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Standstill Clause In Confidentiality Agreement

A standstill agreement is a contract that contains provisions governing how a bidder of a company can buy, sell or vote shares of the target company. A standstill agreement can effectively delay or stop the hostile takeover process if the parties cannot negotiate a friendly agreement. A company pressured by an aggressive bidder or activist investor believes that a standstill agreement is useful in weakening the unsolicited approach. The deal gives the target company greater control over the deal process, by imposing on the offeror or investor the ability to buy or sell the company`s shares or launch proxy competitions. A standstill rule is usually only included in an NDA if the seller is a limited company. The standstill provisions limit the buyer`s acquisition of securities or other rights of the seller, participation in obtaining voting powers over the seller`s securities, and other similar activities with respect to the seller`s securities. These provisions are intended to protect the seller of the public limited company from a hostile buyer after the failure of the negotiations. The impasse can be achieved by an explicit provision or by limiting the backdoor to the use of confidential information only for the negotiated transaction. Sellers of public limited companies may also consider including recognition of buyer`s insider trading restrictions in accordance with federal securities laws.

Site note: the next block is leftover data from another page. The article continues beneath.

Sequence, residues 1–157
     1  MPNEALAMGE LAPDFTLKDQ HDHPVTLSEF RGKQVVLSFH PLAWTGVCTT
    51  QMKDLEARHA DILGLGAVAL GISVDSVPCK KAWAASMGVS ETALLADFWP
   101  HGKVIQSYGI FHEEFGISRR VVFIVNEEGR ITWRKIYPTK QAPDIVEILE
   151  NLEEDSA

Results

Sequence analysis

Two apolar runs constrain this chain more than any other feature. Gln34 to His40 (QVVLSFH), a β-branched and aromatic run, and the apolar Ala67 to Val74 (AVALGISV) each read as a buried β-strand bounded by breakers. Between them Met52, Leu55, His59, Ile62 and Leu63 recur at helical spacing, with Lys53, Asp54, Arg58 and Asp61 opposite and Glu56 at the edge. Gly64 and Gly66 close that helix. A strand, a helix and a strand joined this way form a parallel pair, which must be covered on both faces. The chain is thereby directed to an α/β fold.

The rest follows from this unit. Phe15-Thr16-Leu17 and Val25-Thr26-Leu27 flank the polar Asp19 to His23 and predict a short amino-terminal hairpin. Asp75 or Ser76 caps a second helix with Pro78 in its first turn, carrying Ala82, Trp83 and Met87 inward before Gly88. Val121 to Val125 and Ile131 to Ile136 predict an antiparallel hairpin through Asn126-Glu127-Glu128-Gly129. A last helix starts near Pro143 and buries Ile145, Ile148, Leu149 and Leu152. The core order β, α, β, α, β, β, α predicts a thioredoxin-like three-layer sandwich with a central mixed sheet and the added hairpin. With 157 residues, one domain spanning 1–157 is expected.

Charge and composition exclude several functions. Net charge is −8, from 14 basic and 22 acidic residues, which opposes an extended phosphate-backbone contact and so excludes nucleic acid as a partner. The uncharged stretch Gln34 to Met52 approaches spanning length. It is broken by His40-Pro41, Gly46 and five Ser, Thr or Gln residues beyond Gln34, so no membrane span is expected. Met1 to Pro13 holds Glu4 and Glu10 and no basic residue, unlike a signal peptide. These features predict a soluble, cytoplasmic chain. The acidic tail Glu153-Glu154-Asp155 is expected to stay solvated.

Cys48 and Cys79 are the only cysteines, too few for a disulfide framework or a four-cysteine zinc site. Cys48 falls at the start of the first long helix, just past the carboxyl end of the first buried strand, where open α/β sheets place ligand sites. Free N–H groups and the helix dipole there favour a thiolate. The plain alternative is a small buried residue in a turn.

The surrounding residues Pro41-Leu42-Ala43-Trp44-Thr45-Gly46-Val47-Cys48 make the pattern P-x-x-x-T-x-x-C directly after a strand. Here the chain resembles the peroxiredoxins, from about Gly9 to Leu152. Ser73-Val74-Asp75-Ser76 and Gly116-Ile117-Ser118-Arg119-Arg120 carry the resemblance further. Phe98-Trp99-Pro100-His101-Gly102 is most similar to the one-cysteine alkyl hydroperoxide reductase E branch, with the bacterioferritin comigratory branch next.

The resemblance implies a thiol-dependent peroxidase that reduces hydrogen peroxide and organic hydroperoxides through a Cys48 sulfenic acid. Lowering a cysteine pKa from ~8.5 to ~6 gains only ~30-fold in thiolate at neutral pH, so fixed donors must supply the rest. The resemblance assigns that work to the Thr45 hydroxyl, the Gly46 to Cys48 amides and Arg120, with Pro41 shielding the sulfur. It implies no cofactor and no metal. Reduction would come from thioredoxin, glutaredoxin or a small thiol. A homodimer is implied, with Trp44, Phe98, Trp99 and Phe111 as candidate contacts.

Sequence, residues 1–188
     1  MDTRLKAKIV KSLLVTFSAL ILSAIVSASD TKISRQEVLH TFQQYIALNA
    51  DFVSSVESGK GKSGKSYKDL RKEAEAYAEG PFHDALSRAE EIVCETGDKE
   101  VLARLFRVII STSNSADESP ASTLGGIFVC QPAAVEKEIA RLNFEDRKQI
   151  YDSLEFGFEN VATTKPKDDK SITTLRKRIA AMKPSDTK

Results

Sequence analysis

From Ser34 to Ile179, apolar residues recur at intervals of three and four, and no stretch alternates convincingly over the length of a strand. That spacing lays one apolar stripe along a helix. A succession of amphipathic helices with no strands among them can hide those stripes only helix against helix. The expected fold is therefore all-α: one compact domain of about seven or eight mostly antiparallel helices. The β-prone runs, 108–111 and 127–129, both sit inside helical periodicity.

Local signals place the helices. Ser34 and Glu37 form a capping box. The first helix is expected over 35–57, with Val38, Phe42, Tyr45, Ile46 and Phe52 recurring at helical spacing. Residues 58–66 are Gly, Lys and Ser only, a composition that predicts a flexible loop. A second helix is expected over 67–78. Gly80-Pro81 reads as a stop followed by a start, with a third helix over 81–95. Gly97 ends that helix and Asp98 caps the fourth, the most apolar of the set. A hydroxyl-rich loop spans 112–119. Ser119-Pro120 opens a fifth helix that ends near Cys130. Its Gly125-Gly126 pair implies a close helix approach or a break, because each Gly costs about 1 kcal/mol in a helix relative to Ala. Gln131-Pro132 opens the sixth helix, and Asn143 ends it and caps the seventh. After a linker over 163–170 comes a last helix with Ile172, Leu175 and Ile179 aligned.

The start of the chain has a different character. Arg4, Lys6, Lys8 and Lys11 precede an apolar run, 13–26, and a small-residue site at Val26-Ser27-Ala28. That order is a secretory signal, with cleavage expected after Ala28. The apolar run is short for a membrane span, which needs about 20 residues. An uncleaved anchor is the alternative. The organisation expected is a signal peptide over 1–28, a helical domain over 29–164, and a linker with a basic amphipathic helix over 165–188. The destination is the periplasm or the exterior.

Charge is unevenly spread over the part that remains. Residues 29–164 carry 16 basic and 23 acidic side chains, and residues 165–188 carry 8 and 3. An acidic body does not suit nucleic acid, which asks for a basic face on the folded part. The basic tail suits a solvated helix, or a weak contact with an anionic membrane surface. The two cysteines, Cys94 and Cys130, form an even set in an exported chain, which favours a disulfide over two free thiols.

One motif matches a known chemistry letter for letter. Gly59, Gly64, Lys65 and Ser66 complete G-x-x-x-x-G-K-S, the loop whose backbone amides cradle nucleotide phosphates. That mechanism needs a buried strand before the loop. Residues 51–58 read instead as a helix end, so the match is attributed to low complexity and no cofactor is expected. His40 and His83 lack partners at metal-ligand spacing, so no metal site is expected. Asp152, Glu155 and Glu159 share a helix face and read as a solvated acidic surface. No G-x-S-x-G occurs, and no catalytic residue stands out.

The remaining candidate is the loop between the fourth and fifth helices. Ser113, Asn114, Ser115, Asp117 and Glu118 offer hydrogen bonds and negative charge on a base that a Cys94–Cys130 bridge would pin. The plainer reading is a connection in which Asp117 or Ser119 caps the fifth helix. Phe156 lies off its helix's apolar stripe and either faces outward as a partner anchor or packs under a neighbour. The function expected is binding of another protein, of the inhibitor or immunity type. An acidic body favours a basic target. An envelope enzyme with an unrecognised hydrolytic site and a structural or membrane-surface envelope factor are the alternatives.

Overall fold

Two recent cases in Delaware remind us of important provisions in confidentiality agreements entered into in connection with potential acquisitions. A status quo agreement is a form of anti-opacity measure. In 2019, video game distributor GameStop signed a standstill agreement with a group of investors who wanted changes in the company`s governance, believing the company had an intrinsic value greater than what the share price reflected. The first clause is the “standstill clause”, which effectively prohibits any party from making an offer or acquisition hostile to the other party and, in particular, prohibiting the use of confidential information for that purpose. This clause is typical of a certification body in which listed companies participate. However, even in the absence of the clause, the court may read it in the certification body on the basis of the other conditions of the certification body and the previous operations of the parties. To Martin Marietta Materials, Inc. . . .